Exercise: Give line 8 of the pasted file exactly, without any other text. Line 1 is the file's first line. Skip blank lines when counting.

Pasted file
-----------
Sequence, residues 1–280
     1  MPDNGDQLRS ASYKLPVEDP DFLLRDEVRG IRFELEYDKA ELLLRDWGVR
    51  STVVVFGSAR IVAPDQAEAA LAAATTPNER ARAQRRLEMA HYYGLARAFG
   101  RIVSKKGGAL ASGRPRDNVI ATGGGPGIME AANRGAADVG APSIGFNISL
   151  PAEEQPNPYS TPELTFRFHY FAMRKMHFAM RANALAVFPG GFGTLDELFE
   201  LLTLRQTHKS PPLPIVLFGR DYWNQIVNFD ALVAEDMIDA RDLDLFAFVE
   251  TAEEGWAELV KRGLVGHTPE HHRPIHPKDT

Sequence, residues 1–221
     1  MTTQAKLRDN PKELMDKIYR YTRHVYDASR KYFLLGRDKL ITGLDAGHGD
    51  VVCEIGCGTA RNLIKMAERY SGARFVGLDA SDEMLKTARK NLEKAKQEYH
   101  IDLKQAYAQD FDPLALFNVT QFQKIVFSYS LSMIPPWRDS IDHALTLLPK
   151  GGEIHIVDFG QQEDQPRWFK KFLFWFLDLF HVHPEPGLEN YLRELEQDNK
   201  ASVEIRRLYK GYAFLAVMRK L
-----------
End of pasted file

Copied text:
Sequence, residues 1–221